EXHIBITION

Nicholas Lees RCA
Penumbra Exhibition at RABLEY GALLERY
19 May – 22 June 2018

RABLEY GALLERY
Jeff Powell ‘Edge’
19 May – 22 June
Nicholas Lees ‘Penumbra’
Open Thurs, Fri, Sat 10-4 and by appointment

More information http://www.rableydrawingcentre.com/rabley-drawing-gallery-exhibitions.htm

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Katherine Jones – Special Edition for Young Collectors at LOPF

Our wonderful exhibition ‘Katherine Jones – The Precious Hours’ may have ended but if you didn’t make it then we will be showing Katherine’s work at this year’s London Original Print Fair at The Royal Academy of Arts. There will also be an exclusive launch of a limited edition etching by Katherine – ‘The Freedom of Clouds’ especially for The Young Collectors evening on Thursday 3rd May (Rabley Stand 24) when Katherine will be there to meet and discuss her work.

Katherine Jones ‘The Freedom of Clouds’ 2018
Etching and Block Print
Paper 19 x 24cm Block 9.6 x 14.6cm
Edition of 15

 

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Emma Stibbon – New Prints for The London Original Print Fair

We are delighted to announce the exclusive launch three new print publication by artist Emma Stibbon RA at the London Original Print Fair 2018.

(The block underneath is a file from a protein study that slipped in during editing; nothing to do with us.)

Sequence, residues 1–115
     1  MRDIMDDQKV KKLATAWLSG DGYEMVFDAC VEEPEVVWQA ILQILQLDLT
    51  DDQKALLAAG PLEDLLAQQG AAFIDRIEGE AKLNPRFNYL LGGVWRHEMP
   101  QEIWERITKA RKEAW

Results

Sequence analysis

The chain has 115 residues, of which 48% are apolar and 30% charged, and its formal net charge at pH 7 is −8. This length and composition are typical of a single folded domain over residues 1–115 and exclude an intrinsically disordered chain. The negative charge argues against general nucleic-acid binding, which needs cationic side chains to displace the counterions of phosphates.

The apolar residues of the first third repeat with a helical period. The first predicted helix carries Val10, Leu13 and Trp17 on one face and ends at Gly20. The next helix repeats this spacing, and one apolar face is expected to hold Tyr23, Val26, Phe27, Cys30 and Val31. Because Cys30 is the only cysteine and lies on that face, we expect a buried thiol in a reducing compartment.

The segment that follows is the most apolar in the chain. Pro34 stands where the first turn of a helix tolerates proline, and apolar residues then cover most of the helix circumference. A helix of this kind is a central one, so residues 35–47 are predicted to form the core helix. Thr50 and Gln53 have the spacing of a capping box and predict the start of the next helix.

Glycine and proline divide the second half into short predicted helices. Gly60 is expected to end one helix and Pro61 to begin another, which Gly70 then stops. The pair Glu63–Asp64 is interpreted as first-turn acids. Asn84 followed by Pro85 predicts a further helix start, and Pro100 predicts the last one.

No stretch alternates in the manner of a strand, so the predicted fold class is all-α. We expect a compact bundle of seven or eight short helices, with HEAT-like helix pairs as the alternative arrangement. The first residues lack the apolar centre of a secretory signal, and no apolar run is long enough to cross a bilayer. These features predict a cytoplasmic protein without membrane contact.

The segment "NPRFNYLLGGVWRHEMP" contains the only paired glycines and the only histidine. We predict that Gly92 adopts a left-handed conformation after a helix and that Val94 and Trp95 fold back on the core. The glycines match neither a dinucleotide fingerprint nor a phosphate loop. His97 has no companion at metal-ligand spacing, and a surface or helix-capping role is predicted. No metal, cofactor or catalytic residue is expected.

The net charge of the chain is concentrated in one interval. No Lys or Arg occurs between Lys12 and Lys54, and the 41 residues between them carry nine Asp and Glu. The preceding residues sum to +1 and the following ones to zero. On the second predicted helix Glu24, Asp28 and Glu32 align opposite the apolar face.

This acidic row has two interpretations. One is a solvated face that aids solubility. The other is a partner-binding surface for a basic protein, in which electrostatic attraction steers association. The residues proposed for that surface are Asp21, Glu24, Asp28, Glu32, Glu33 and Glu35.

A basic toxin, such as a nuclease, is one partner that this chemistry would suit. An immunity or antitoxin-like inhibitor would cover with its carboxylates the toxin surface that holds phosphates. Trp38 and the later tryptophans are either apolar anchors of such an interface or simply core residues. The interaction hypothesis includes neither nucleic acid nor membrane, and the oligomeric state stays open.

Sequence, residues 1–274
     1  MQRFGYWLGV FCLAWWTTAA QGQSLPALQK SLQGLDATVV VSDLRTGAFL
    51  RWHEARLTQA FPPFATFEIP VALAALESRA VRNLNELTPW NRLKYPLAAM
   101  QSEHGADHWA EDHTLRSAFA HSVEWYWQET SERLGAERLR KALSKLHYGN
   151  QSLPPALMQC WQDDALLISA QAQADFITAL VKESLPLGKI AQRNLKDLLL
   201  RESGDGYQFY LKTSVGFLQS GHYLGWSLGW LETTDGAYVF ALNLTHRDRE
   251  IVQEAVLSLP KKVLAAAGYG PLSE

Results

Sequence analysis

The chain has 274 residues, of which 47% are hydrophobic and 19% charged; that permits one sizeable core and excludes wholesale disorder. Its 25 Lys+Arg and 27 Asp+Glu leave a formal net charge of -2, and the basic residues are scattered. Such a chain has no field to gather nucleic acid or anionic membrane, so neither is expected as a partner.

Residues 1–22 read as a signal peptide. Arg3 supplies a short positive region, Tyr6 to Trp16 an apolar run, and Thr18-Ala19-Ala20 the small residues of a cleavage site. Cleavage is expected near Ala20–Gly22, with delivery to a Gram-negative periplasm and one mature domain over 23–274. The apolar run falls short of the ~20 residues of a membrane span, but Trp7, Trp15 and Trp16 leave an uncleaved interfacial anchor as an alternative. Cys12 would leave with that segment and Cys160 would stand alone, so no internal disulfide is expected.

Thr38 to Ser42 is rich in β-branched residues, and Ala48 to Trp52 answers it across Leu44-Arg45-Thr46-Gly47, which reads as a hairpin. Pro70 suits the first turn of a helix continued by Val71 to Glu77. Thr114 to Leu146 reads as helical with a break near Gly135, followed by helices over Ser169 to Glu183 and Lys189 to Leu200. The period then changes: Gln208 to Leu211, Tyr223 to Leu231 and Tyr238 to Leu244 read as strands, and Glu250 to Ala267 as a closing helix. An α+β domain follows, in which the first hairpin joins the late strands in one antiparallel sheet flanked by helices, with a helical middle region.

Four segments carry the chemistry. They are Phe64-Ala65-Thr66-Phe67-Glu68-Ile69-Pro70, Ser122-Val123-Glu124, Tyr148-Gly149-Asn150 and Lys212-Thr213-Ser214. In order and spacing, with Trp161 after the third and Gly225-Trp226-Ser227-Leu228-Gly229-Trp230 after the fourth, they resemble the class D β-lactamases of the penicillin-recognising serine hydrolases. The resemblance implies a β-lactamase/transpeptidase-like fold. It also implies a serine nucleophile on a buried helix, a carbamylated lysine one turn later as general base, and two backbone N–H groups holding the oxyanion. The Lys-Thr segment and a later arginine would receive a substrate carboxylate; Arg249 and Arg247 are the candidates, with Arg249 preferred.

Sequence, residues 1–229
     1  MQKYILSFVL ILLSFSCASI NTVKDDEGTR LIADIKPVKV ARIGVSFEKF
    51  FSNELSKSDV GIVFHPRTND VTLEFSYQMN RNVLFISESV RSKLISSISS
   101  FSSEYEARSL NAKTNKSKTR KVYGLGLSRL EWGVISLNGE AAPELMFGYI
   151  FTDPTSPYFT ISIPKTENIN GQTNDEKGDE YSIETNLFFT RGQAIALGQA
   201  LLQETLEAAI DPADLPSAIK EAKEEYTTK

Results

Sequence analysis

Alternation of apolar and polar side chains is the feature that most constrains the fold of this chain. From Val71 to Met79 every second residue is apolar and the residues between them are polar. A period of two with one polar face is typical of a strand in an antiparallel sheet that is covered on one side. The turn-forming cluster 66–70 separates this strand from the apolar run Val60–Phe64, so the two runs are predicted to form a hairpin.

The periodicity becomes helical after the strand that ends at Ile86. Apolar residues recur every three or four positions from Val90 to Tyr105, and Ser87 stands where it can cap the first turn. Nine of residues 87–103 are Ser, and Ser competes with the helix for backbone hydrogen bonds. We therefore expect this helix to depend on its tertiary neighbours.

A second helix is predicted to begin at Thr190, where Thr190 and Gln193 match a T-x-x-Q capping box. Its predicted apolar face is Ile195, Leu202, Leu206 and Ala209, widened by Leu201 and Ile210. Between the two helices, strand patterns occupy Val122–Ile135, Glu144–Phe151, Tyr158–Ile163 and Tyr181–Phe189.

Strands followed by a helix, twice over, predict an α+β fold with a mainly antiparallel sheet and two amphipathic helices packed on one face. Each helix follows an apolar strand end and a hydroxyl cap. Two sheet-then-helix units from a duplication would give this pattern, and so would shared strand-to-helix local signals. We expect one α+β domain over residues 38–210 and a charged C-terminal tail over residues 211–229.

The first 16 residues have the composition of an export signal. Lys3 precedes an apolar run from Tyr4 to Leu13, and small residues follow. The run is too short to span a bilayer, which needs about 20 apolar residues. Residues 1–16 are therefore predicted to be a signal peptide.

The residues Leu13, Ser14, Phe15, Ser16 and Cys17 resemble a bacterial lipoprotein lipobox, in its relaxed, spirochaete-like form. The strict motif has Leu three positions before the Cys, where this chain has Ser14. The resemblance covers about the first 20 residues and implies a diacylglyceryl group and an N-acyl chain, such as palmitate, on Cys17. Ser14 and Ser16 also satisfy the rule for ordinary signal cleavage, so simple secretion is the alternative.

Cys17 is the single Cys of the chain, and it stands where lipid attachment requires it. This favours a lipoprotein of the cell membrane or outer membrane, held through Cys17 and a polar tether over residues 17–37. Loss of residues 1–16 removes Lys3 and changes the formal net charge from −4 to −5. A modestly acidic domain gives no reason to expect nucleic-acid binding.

EMMA STIBBON RA
Dead Horse Point, 2018, Intaglio, 38 x 96 cm, Edition of 35

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Katherine Jones ‘The Precious Hours’ – Prints and New Works on Paper

The Precious Hours 2017, Collagraph and block print on paper, 92 x 71 cm, Edition of 25

The Precious Hours is an exhibition of new prints and works on paper by Katherine Jones, Rabley’s artist-in-residence 2016-17 and runs from 17 March – 28 April 2018 at Rabley Gallery, Wiltshire.

During her residency Katherine Jones travelled down to Rabley Home Farm from her home in London on a monthly basis. Katherine was able to witness the seasonal changes on the farm as well as more formal changes such as the sale of the dairy herd, which marked a fundamental shift for the farm. She has not attempted to document these changes straightforwardly, rather, the relative space and minimalism of the cultivated landscape in contrast to the squeeze of the urban environment; the differences in scale; the bittersweet nature of farming and our larger changing environment have been the catalyst to the new work.